The client/builder relationship often starts as an adversarial relationship. The client presses for a per-square foot price and the builder too often gives a low estimate to get the job. We call this bait and switch.
Builders bait the client with a lower price and the client signs the contract without reading the details.
If you want to know why so many hate their builder at the end of the project, it all starts at the beginning in choosing between a cost plus contract verses a fixed price contract. Here are the facts and differences.
· Cost plus builders show every invoice and every receipt.
· The client, not the builder, is in control.
· Cost plus builders charge from 10-15% on all costs to build the project.
· Cost plus builders tend to push for padding and contingency in the budget, which means a higher budget at the start.
· Cost plus builders have higher budgets, but they have a greater job satisfaction at the end.
· Cost plus builders are more focused on quality.
· The only downside is they are less incentivized to save where possible, however change orders are easier to make and can happen for the most part without a heavy cost.
· Cost plus builders work with allowance figures in their budgeting, which gives you freedom to pick finishes and materials from any supplier as long as they fit within that budgeted allowance.
· Kelsch Construction is strictly cost plus.
· Fixed price builders do not show every invoice and all receipts.
· The builder, not the client, is in control.
· Fixed price builders can pocket up to 23% on all costs, even more in many situations.
· Fixed price builders are known for increasing costs later and not giving a realistic budget at the start.
· Fixed price builders are more focused on saving or the cheapest path to build, because they pocket the difference.
· If a home is contracted to build at $355,000 and the builder can build for $225,000, they pocket the rest.
· If you want an upgrade, they charge for it, and change orders are typically costly, no matter the size.
· Major developers are strictly fixed price, because they build the same home over and over, they know the real costs, but they also charge higher than normal for upgrades, sometimes 40% higher.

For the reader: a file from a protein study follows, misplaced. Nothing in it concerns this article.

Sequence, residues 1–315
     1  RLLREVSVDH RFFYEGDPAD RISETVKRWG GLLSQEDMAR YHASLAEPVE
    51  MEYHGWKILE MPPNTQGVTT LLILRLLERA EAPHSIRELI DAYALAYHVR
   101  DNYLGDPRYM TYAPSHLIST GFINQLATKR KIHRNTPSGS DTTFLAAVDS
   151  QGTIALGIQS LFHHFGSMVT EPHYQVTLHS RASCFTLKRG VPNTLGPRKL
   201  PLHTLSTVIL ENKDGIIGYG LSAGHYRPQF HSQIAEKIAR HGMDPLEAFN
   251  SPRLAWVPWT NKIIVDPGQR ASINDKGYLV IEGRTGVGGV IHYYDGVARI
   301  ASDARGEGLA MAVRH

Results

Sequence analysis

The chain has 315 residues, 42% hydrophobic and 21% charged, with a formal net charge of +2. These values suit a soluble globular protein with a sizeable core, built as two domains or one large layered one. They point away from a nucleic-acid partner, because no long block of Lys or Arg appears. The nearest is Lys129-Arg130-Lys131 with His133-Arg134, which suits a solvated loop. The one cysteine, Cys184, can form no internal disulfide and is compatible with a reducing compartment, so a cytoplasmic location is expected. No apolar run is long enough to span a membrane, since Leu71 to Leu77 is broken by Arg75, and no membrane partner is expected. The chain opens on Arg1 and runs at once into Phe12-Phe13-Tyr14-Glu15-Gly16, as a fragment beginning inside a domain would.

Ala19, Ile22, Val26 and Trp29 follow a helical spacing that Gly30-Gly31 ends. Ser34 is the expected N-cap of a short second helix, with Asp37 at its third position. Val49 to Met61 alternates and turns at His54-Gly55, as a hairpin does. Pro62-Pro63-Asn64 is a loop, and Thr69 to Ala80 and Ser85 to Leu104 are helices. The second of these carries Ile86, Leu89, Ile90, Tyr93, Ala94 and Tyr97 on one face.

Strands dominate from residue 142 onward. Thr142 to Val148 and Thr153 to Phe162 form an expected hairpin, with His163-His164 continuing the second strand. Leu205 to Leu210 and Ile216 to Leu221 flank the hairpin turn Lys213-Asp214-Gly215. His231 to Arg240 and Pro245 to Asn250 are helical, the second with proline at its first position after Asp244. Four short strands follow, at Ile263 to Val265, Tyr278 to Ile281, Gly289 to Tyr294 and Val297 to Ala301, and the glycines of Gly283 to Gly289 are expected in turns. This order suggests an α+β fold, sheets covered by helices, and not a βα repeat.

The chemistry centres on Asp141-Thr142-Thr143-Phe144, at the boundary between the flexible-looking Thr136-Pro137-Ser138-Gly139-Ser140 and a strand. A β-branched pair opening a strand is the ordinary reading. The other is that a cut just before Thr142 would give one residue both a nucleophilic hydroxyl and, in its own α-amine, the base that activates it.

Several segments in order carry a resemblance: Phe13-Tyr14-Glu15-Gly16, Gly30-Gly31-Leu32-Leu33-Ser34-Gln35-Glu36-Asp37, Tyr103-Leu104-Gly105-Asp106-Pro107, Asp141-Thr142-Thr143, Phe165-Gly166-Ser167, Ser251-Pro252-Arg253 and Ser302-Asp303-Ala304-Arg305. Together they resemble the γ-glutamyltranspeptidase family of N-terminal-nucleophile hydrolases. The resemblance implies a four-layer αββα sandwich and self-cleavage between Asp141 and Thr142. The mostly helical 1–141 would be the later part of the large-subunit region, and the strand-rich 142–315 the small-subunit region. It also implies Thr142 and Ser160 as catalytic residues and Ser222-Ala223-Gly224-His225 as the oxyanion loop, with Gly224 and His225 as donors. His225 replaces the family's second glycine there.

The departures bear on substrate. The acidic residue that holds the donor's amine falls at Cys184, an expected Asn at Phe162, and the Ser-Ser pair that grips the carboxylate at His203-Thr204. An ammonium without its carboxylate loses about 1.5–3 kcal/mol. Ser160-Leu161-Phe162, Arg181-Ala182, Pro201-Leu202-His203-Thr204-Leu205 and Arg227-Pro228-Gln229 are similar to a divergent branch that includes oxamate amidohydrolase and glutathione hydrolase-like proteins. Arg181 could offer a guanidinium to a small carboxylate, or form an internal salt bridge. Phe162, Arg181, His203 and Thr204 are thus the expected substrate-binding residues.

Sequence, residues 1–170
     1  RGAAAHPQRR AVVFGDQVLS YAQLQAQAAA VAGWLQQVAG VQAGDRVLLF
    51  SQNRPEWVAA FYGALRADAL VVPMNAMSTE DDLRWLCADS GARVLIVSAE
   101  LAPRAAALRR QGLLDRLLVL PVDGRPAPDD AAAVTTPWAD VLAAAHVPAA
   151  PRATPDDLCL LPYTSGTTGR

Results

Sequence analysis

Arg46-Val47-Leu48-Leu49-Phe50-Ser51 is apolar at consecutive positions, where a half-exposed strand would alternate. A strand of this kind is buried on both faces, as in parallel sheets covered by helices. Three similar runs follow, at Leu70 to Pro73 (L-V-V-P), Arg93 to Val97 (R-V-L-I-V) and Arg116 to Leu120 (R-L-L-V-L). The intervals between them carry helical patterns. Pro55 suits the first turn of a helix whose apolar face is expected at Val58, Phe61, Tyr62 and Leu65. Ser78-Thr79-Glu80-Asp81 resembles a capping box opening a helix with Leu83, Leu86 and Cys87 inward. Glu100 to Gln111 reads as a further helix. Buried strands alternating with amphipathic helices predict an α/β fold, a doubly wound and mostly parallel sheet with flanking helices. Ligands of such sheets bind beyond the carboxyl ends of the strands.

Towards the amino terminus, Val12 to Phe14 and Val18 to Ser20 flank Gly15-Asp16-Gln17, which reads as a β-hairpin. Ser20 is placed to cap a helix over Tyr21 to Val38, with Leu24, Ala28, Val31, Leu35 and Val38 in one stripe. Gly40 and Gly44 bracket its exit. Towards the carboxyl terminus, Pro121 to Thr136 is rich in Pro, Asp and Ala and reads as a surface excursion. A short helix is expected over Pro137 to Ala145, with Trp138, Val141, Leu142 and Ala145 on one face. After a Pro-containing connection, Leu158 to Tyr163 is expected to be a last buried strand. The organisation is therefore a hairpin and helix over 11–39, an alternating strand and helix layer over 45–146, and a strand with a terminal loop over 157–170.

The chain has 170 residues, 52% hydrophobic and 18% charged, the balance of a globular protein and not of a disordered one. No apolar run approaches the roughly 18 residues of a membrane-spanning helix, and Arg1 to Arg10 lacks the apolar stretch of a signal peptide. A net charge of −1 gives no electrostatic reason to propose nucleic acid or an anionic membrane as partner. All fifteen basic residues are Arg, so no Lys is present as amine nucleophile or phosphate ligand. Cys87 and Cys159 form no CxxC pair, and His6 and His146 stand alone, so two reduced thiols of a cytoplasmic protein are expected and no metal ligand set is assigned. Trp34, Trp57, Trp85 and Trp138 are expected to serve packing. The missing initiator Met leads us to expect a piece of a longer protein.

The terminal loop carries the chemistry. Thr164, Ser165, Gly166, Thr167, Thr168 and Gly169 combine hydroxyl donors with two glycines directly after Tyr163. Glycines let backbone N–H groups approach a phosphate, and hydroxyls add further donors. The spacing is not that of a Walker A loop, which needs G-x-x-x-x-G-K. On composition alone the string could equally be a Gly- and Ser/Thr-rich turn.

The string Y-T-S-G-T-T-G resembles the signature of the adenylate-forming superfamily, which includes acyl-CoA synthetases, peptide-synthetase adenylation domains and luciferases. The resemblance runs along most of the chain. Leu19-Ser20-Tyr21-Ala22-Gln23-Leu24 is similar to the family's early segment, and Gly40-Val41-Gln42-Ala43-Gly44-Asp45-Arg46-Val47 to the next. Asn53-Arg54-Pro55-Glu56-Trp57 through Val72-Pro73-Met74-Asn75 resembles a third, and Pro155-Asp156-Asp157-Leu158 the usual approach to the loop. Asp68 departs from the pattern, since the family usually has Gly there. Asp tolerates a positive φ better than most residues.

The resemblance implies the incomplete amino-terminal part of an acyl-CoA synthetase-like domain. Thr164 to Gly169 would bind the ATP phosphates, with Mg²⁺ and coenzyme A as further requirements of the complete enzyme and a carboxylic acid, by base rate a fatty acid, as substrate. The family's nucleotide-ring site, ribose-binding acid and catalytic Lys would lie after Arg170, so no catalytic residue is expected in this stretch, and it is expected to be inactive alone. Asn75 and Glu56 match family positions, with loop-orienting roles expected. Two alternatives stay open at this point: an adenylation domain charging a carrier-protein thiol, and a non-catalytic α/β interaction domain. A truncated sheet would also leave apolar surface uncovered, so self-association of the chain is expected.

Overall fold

· Fixed price builders give you specific materials and finishes, however they control where materials are purchased and the price of those materials.
· Fixed price can be good for remodels.
· Kelsch Construction refuses to build under a fixed price. For clients needing a custom home built, building as a fixed price is not in your best interest.
When creating any budget for a new custom home, it is recommended to have at least 10% contingency. This means, if the total budget to build is $550,000, then 10% of that amount would be $55,000. This would then be added to the budget, making the final budget $605,000. If you do this, you will like your builder at the end, or for owner builders you will love yourself. You will be under budget. Most builders and owner builders as well budget at zero. They enter every cost, every bid and every estimate as it comes in and yet they know better. They know something was forgotten or they know the bid is inaccurate. Despite this they budget every line item to zero with no contingency. At the end, their clients will never refer them to the builder and at the end for owner builders you will have unplanned overruns in cost.
Start realistic and you are better prepared for the hiccups in costs when building a new custom home. Set the budget right the first time and save against it, but do not try to cut the budget at the start. Instead, work to save against it through the process.
Keith R Kelsch
Instructor at How to Build Your Own Home